Implementing it... a roombrush trigger is more reliable than a bounds trigger, and also if you are working in TG where there is no TrigOBBPlayer script (that is T2 only), then you're almost forced to go the roombrush trigger route. As long as the trigger brush is completely inside the room, I don't see an easy way to exploit or cheat around it. Can you give more detail on the setup you tried with roombrushes that still had a rate of failure?

  7. #7
    Member
    Registered: Apr 2011
    The least player-confusing way to do a one-way door is, to have some in-game reason why it's only openable from one side, like Unna's example. Something that the player actively removes and then the door works like an ordinary door. It doesn't have to be illogical: maybe a vase has fallen off the cabinet that's beside the door (I blame the cat), that the player picks up and then the door can open (inward) again. Or maybe the door has seven padlocks on the inside, and the paranoid owner of the place is the skeleton lying on the bed, the padlock key still clutched in his hand. Okay, that last one's pretty irrational, if not illogical

    But anyway, the thought of a fire-door like door that can only be pushed open, not pulled, was interesting. I don't know if it will suit your needs at all, but I decided to try writing a squirrel script for a one-way door. Drop this on a locked spinny door, and it'll open without a key from the inside, but still require a key from the outside.
    Code:
    class OneWayDoor extends SqRootScript
    {
        // Script for a door that can only be opened from the inside when
        // it is locked. The inside is the side that the door opens away
        // from. Only works on rotating doors, that rotate around Z axis.
        // If the door is not locked, it'll open from either side.
        // -- vfig 2018-12-15
        function OnFrobWorldEnd() {
            if ((Door.GetDoorState(self) == eDoorStatus.kDoorClosed)
                && Property.Possessed(self, "RotDoor")
                && (message().Frobber == Object.Named("Player"))
                && Locked.IsLocked(self))
            {
                local playerPos = Object.Position(message().Frobber);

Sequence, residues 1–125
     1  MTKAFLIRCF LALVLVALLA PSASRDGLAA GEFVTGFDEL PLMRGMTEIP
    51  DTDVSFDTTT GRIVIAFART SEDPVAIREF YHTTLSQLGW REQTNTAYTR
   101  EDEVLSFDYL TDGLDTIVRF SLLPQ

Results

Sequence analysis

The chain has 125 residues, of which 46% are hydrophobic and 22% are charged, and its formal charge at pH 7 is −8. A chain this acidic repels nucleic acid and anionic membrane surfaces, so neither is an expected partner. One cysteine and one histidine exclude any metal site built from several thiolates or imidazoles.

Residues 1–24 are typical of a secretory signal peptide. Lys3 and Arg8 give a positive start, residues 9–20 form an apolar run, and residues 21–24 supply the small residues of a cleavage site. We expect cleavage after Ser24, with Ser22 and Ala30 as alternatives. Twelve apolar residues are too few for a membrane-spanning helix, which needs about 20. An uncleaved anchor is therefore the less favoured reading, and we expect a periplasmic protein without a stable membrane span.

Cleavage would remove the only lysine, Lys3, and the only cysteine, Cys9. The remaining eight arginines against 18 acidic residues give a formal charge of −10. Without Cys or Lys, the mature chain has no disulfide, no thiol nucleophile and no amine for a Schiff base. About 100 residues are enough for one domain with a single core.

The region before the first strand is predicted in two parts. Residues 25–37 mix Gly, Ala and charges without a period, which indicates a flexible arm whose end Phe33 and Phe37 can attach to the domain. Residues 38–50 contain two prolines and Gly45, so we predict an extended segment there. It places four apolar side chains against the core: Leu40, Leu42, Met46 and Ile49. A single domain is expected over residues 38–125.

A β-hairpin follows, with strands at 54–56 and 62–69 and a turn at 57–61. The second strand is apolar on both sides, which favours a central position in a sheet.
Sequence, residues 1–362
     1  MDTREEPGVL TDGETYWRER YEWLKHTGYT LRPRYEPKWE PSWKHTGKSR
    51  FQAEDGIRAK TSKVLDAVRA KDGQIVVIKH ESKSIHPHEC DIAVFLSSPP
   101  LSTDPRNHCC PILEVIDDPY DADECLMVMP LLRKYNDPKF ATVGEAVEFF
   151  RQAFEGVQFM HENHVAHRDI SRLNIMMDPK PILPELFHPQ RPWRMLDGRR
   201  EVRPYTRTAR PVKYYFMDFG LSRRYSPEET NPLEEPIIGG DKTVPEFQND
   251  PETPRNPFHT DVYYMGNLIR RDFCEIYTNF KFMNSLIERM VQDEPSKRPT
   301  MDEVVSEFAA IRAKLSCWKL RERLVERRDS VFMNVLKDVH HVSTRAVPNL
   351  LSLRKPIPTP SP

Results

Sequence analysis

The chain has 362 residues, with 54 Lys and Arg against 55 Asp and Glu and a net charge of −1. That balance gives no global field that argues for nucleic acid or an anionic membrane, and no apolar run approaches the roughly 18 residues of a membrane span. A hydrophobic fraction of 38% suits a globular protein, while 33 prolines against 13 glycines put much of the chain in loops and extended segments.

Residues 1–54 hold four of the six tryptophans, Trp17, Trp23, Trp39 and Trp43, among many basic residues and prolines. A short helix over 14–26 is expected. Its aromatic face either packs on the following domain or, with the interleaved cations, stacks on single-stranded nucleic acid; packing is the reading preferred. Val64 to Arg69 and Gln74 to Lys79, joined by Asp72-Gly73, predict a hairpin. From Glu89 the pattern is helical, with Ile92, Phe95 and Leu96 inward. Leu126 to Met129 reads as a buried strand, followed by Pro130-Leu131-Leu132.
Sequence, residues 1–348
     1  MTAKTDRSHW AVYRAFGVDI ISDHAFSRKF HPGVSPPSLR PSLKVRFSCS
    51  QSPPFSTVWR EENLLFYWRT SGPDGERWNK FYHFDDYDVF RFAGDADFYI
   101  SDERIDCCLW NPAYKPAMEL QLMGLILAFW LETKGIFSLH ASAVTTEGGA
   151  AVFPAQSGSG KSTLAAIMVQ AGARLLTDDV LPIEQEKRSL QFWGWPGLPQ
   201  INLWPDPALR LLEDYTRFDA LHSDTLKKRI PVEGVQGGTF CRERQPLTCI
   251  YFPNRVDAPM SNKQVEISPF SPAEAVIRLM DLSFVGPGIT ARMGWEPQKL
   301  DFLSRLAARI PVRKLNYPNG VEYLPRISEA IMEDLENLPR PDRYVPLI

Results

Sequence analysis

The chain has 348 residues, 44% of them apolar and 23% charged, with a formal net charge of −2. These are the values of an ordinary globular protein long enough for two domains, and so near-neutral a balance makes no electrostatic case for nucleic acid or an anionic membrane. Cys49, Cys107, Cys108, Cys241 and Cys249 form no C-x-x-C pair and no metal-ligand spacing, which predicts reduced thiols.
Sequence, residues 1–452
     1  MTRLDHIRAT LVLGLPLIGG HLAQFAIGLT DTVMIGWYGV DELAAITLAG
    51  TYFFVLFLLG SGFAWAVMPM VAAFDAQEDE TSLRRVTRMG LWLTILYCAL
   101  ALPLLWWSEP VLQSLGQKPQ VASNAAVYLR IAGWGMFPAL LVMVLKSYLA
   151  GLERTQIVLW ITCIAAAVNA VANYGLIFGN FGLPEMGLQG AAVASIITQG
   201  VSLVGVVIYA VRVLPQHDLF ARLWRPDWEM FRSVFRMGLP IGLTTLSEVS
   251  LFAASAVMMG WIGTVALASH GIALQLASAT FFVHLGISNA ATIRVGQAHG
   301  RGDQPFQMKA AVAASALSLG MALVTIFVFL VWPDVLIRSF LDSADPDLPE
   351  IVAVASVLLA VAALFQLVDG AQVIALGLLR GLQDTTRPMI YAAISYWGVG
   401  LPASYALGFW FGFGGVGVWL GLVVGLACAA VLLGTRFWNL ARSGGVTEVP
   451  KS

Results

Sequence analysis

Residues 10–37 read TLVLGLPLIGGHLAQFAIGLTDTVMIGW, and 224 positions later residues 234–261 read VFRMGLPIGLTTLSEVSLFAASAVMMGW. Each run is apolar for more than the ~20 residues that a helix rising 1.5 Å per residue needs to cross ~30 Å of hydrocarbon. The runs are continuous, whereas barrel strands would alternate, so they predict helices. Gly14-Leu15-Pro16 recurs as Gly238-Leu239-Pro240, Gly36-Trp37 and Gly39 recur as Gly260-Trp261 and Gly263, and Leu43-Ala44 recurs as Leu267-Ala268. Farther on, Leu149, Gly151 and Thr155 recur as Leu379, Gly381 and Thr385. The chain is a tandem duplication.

local localPlayerPos = Object.WorldToObject(self, playerPos);
                // Most doors are North-South oriented, but some
                // (like SecretDoor4x8) are East-West oriented, so
                // we need to account for that.
                local physBox = Property.Get(self, "PhysDims", "Size");
                local northSouth = (physBox.x >= physBox.y);
                local localOpenDirection = (northSouth ? vector(0, 1, 0) : vector(-1, 0, 0));
                local clockwise = Property.Get(self, "RotDoor", "Clockwise?");
                if (clockwise) {
                    localOpenDirection = -localOpenDirection;
                }
                // Finally, find out if the player is on the "inside" of the door.
                local playerOnInside = (localPlayerPos.Dot(localOpenDirection) < 0);
                if (playerOnInside) {
                    Door.OpenDoor(self);
                    // Cancel the message so the StdDoor script
                    // doesn't play a "locked" sound.
                    BlockMessage();
                }
            }
        }
    }

  8. #8
    Member
    Registered: May 2017
    Location: USA
    Wow Andy, this is great, thanks! This looks like it will work better than my prior approaches. I’ll give it a spin this week.

    I’m still undecided on whether to do it or not. The context is office doors, so it would feel perfectly natural. (I don’t even think it’s legal for an office door *not* to allow egress from within, in most countries). But still, throwing new mechanics in without warning is dicey...

    Maybe I’ll just mention in the readme file that some doors only open from one side—everyone will read that before playing, right...? Lol

    ps I still owe you a test of the other script you wrote for me. It’s near the top of my to-do list!

    Also, after re-reading ZBs comment, I’m legitimately concerned that he has a bedroom that he can lock people inside. Both creepy, and very much in violation of fire codes. Either that or he’s never seen a lockable bedroom door. *shrug*
    Last edited by trefoilknot; 15th Dec 2018 at 12:15.

  9. #9
    Member
    Registered: Apr 2011
    Quote Originally Posted by trefoilknot View Post